Surfer Blood Are Vunerable and Euphoric on ‘Pythons’

Later this month, Floridian indie-rockers Surfer Blood will start playing some of the songs they wrote for their forthcoming second album and major-label debut, Pythons at their concerts. It’s an LP that’s been in the works  a long time, and the process of making it found Surfer Blood whittling down 24 demo tracks to the 10 that made the cut. “Compared to our past records, the songs are less ADD, in a way,” frontman JP Pitts tells Hive. “It’s not just us throwing every good idea that we have into a song just because we can.” Some of the highly refined songs he and his bandmates recorded, under the supervision of producer Gil Norton (Pixies, Jimmy Eat World), include the lead single “Weird Shapes,” “I Was Wrong,” which Pitts describes as “one of the heaviest and slowest songs we’ve ever written,” the “waltzy, acoustic” “Needles and Pins,” and “Say Yes to Me.” Of the latter song, Pitts says it “comes right at the beginning of the B-side, after you flip the record, and might be the most perfect pop song we’ve ever written.” In anticipation of the album, Hive caught up with the frontman, who was taking some time off in London to spend with his girlfriend, to find out about just what got Pythons slithering.

So Pythons, huh?

The concept for the artwork and the title came at the same time. A lot of the songs on the record are really vulnerable but some of them have a sort of euphoric, invincible thing to it. So we were talking about imagery, and TJ [Schwarz, drums] liked the idea of a really skinny, scrawny-looking kid flexing his muscles in the mirror, living in a fantasy world where he’s really strong. We were like, why don’t we call the record “Pythons,” because it’s like, “Show me your pythons.” It has a sort of eerie feel, with us coming from Florida, and it just sort of made sense.

How long has it been done?

We finished tracking it in mid-July, and it’s been done completely since Halloween. We’ve been playing a few songs live. “Weird Shapes,” which is one of my favorites on the record, is one of them. Our upcoming tour is going to be the first time we’re playing a lot of songs off the new record. We’ve been doing “Demon Dance.” And we’ve been playing a song called “Gravity,” the second song on the record.

You’ve said that you were listening to a lot of Beck when you recorded “Weird Shapes.” How did his influence come through?

That’s where I got a lot of ideas for the distorted kick drum, the janky-sounding tambourines in the middle sections and the sort of plunky acoustic guitar sounds. The vocal distortion was inspired by Beck and his production.

What inspired the lyrics?

It’s about someone who’s about to experience sort of a manic episode. It’s about one of those nights where you turn off your phone and go with the flow. There’s references to Icarus and that kind of stuff in there.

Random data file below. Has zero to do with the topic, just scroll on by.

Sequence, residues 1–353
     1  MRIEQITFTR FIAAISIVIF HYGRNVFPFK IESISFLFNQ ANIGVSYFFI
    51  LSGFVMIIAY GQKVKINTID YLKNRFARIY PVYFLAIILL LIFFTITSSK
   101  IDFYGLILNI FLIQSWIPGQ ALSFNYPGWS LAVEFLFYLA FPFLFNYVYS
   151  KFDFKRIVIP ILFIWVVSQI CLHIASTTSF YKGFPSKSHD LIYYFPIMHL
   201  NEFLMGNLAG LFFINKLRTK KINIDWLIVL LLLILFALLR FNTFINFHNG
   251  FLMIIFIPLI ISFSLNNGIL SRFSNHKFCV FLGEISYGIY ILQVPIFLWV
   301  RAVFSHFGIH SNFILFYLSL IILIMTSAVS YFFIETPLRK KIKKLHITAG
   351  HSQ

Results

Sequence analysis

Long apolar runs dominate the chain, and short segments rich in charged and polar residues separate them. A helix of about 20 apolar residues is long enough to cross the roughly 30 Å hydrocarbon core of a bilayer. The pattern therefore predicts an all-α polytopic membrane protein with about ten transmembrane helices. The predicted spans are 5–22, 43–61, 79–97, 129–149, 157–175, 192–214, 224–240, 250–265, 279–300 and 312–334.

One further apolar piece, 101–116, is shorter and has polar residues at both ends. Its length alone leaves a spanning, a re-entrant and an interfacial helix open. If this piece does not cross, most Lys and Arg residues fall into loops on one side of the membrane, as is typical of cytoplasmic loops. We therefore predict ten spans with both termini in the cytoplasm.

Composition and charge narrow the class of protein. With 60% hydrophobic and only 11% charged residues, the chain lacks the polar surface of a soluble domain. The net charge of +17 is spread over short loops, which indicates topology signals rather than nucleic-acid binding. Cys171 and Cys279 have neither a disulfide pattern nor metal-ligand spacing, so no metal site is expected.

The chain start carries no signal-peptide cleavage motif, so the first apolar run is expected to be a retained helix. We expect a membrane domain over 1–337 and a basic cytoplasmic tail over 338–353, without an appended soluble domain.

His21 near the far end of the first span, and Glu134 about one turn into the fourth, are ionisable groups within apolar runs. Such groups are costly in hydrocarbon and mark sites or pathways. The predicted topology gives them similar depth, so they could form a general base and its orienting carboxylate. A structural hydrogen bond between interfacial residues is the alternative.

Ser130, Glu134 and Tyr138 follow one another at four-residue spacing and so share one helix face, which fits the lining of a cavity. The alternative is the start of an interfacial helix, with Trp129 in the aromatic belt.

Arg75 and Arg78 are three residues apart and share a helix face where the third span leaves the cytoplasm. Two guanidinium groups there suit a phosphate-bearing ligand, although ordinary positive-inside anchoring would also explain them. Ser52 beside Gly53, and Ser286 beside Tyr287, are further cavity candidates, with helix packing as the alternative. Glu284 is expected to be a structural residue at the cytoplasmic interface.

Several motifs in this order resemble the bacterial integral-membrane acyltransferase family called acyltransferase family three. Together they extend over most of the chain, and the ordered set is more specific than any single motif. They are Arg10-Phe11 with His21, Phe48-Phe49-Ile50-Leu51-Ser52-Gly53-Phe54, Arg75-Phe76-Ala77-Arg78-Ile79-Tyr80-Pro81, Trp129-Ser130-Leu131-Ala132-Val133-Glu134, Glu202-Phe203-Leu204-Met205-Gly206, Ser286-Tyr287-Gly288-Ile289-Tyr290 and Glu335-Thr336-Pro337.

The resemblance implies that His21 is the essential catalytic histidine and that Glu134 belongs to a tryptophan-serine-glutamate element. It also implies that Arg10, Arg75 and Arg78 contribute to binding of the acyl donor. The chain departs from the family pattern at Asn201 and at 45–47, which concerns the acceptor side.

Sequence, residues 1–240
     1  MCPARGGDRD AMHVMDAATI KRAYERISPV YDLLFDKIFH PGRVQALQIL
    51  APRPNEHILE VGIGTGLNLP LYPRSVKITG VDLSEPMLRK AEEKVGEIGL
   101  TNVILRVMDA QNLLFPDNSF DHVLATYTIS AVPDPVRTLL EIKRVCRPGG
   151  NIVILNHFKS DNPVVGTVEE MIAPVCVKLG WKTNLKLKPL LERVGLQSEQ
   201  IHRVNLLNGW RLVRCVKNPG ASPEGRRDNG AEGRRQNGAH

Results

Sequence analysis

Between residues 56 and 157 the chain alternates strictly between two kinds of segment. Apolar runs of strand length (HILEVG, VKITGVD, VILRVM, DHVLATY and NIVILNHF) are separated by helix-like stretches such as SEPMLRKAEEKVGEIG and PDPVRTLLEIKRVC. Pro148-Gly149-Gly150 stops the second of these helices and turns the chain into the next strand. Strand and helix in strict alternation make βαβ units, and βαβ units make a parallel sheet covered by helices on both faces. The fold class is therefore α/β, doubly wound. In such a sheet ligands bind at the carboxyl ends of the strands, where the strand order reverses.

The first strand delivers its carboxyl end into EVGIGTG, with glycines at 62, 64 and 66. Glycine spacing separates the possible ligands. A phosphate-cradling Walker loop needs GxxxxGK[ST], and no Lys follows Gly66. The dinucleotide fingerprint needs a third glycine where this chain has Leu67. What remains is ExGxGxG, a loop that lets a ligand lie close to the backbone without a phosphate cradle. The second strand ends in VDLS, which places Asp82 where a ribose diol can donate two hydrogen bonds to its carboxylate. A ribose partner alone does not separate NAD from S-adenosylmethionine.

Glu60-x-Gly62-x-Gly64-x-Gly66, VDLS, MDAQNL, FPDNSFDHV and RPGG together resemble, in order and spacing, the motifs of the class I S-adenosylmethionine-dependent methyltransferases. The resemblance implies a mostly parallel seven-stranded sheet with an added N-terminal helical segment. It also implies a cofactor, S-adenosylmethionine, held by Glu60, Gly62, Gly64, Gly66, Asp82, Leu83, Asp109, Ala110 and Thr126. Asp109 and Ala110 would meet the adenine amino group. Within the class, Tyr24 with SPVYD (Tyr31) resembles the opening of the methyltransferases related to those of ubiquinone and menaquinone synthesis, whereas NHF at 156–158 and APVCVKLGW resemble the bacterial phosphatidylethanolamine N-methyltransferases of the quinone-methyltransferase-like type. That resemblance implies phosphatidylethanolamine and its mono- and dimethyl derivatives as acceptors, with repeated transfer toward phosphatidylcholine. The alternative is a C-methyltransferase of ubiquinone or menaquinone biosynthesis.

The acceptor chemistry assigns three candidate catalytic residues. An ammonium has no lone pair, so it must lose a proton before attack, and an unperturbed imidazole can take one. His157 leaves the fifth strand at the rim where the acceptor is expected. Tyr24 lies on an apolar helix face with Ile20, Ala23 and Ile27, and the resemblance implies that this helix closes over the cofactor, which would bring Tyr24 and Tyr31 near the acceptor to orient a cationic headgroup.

Do you mean manic like “bipolar” or manic in a Jeff Spicoli “Let’s party” kind of way?

I think they’re one in the same. I’ve always thought that I could be characterized as manic sometimes. My moods change a lot with the seasons and the phases of the moon.

Your screaming on the song sounds quite visceral.

Well, thank you. I’ve been working on my scream a lot in my room at my parents’ house.

You were using some of Pixies guitarist Joey Santiago’s gear in the studio. How did that come about?

Since Gil [Norton] did so many Pixies records, him and Joey are really good friends and drinking buddies. And we toured with the Pixies in October and November 2011, so we knew him personally, too. And I remember he bought our record on iTunes, so I assume he liked what he heard. So you can never have enough gear in the studio, and Joey actually loaned us his gold-top Les Paul that you see him play with the Pixies live and his Marshall stack. So on a few of the songs on the record, the guitar tones sound a lot like [Pixies album] Doolittle.

I also read that Timbaland stopped by the studio.

Our drummer just walked up to him in the kitchen after two drinks and said, “Man, you have to come hear my fucking band, man.” [Laughs.] So he actually listened and went into the control room and gave us production advice, which I know didn’t make Gil too happy. But it was a crazy moment.

You recorded the album at EastWest Recording Studios in Los Angeles, where everyone from Johnny Cash to Christina Aguilera have recorded. Did you uncover any archeological artifacts from past sessions?

The small studio in there is where [The Beach Boys] Pet Sounds was recorded, so it was real special to see that. Apparently, we made a lot of the same effects choices as the Red Hot Chili Peppers. We have similar tastes in compressors and equalizers as those guys.

Surfer Blood’s Pythons will come out this summer via Warner Bros.

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